Social Sciences

Bernie Roth

Stanford's Bernie Roth recommends a bias toward action

In his new book, Roth says he believes that people can lead more fulfilling lives by actually doing things, instead of merely trying to do things.

Greek demonstrators waving flag

Poor economic planning and political confusion at root of Greece's woes, Stanford economist says

Professor John B. Taylor says that Greece's best approach to its damaged economy is to radically change its economic policy in a pro-growth direction. He suggests making it easier to start up new businesses, while holding the line on tax increases and reducing governmental influence in the economy.

Western mask expressing positive emotion and Chinese mask expressing mixed emotions / Shutterstock

European Americans embrace positive feelings, while Chinese prefer a balance of feelings, Stanford research shows

European Americans want to maximize the positive and minimize the negative more than Chinese.

Bay Area hiking path

Stanford researchers find mental health prescription: Nature

Study finds that walking in nature yields measurable mental benefits and may reduce risk of depression.  

Phil Klay, Natasha Tredewey / Courtesy Stanford Live

Award-winning authors to discuss writing about war at Stanford Live event

Poet Natasha Trethewey and fiction writer Phil Klay will read selections from their works and join Stanford political scientist Scott Sagan in conversation on June 30 at Bing Concert Hall.

neighborhood of row houses / © Krylov

Stanford study finds blacks and Hispanics typically need higher incomes than whites to live in affluent neighborhoods

New research reveals troubling patterns of racial segregation that could lead to less upward mobility for black and Hispanic families.

Illustration with Japanese yen and islands

Stanford economist finds lessons for U.S. and Europe from Japan's lost decade

Takeo Hoshi 's research highlights how Japan's economic troubles in the 1990s and beyond can offer insights for U.S. and European leaders in the aftermath of the 2007-09 crisis.

solar and wind power

Stanford researcher identifies strategy to guide consumers to green energy choices

Sebastian Lotz, a research fellow at Stanford, has shown that behavioral decision design can nudge people to purchase clean, renewable energy plans over fossil fuel.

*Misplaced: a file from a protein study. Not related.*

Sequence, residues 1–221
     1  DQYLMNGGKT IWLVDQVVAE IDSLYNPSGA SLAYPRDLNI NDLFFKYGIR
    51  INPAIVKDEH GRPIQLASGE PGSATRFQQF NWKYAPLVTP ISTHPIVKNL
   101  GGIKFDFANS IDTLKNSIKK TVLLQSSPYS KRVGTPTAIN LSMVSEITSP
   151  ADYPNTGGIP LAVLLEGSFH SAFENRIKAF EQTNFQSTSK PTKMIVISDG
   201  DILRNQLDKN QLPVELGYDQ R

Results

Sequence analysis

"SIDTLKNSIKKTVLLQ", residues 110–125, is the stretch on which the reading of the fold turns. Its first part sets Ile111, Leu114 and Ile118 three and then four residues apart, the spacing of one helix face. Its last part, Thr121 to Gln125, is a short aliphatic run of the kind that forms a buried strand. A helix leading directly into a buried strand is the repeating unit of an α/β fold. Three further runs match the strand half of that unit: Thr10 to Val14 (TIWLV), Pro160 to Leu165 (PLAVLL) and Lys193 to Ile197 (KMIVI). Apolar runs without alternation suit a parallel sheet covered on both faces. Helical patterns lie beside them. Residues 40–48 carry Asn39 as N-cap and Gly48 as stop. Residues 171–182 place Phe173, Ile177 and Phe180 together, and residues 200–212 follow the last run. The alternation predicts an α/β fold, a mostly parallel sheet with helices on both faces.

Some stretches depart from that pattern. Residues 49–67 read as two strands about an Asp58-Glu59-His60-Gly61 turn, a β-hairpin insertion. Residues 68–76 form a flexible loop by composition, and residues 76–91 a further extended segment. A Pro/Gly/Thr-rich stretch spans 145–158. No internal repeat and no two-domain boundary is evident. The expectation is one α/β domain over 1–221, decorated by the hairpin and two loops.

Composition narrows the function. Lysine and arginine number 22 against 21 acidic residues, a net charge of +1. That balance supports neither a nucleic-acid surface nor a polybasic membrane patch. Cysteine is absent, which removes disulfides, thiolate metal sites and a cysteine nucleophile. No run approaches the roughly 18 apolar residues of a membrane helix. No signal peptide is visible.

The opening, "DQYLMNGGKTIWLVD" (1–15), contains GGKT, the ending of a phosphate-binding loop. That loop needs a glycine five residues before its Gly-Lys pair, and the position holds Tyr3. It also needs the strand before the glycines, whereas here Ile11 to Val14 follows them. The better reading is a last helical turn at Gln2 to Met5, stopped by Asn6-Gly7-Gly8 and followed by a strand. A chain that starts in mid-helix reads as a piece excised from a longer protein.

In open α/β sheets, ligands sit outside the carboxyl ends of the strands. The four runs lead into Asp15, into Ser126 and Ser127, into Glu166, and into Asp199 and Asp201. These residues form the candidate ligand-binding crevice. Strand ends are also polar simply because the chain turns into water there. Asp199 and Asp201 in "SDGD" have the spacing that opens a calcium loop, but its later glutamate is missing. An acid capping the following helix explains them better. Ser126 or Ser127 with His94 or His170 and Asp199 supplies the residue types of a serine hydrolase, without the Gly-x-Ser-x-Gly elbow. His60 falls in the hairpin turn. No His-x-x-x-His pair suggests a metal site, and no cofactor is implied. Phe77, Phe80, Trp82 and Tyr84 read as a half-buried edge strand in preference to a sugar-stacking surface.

Parents-to-be imagining future

Women more concerned with looming parenthood than men, Stanford scholar says

Stanford researcher Brooke Conroy Bass found that women were more likely than men to think and worry about how their career paths might align with future parenthood. Women also tended to downscale future career goals in anticipation of children.

Farmer mowing alfalfa

Crop adjustments may lessen climate change's economic effects, Stanford economist says

Stanford economist Dave Donaldson found that the impact of climate change might amount for just a .26 percent reduction in global gross domestic product if farmers are able to switch what types of crops they grow.

Dianne Feinstein speaking at Stanford / Matthew Sumner

Feinstein at Stanford: U.S. needs to track possible terrorists

U.S. Sen. Dianne Feinstein says that the government's mass collection of communications data is misunderstood and that the data are used selectively and only for monitoring possible terrorist suspects.

Tina Seelig

Entrepreneurial success depends on actions, attitudes and practice, Stanford expert says

Stanford Professor Tina Seelig says that entrepreneurship can be taught, learned and practiced through a rigorous approach that she calls the Invention Cycle.

Working group

Compassion is a wise and effective managerial strategy, Stanford expert says

Psychologist Emma Seppala says promoting a culture of trust encourages collaboration.

Sen. Dianne Feinstein

Feinstein at Stanford to discuss NSA, mass surveillance

U.S. Sen. Dianne Feinstein on May 28 will appear at Stanford to discuss the impact of the National Security Agency's mass surveillance efforts on America's national security and individual liberty and privacy.

Shinzo Abe, prime minister of Japan

Stanford scholars offer their own visions of Japan's upcoming statement on World War II

Stanford experts believe the Japanese prime minister must send the right message regarding his country's World War II aggressions on the 70th anniversary of the global conflict.